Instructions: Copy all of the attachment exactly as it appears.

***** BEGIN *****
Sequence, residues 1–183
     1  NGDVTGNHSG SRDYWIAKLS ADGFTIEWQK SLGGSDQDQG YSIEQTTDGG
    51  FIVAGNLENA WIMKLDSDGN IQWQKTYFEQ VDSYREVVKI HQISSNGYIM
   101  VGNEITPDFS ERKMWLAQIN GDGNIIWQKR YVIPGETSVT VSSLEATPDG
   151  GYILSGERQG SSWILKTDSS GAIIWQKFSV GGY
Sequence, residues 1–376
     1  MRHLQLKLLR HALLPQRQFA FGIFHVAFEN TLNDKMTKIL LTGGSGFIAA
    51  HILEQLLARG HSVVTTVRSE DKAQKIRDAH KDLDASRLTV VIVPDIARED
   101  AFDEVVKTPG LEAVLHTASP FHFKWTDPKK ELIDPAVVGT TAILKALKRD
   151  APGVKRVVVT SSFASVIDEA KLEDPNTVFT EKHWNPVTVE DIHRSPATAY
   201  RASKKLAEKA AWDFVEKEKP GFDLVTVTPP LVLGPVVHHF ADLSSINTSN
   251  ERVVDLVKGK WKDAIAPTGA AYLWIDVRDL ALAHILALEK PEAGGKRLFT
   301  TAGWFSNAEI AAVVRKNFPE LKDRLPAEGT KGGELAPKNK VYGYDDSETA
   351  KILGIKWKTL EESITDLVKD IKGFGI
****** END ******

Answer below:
Sequence, residues 1–183
     1  NGDVTGNHSG SRDYWIAKLS ADGFTIEWQK SLGGSDQDQG YSIEQTTDGG
    51  FIVAGNLENA WIMKLDSDGN IQWQKTYFEQ VDSYREVVKI HQISSNGYIM
   101  VGNEITPDFS ERKMWLAQIN GDGNIIWQKR YVIPGETSVT VSSLEATPDG
   151  GYILSGERQG SSWILKTDSS GAIIWQKFSV GGY
Sequence, residues 1–376
     1  MRHLQLKLLR HALLPQRQFA FGIFHVAFEN TLNDKMTKIL LTGGSGFIAA
    51  HILEQLLARG HSVVTTVRSE DKAQKIRDAH KDLDASRLTV VIVPDIARED
   101  AFDEVVKTPG LEAVLHTASP FHFKWTDPKK ELIDPAVVGT TAILKALKRD
   151  APGVKRVVVT SSFASVIDEA KLEDPNTVFT EKHWNPVTVE DIHRSPATAY
   201  RASKKLAEKA AWDFVEKEKP GFDLVTVTPP LVLGPVVHHF ADLSSINTSN
   251  ERVVDLVKGK WKDAIAPTGA AYLWIDVRDL ALAHILALEK PEAGGKRLFT
   301  TAGWFSNAEI AAVVRKNFPE LKDRLPAEGT KGGELAPKNK VYGYDDSETA
   351  KILGIKWKTL EESITDLVKD IKGFGI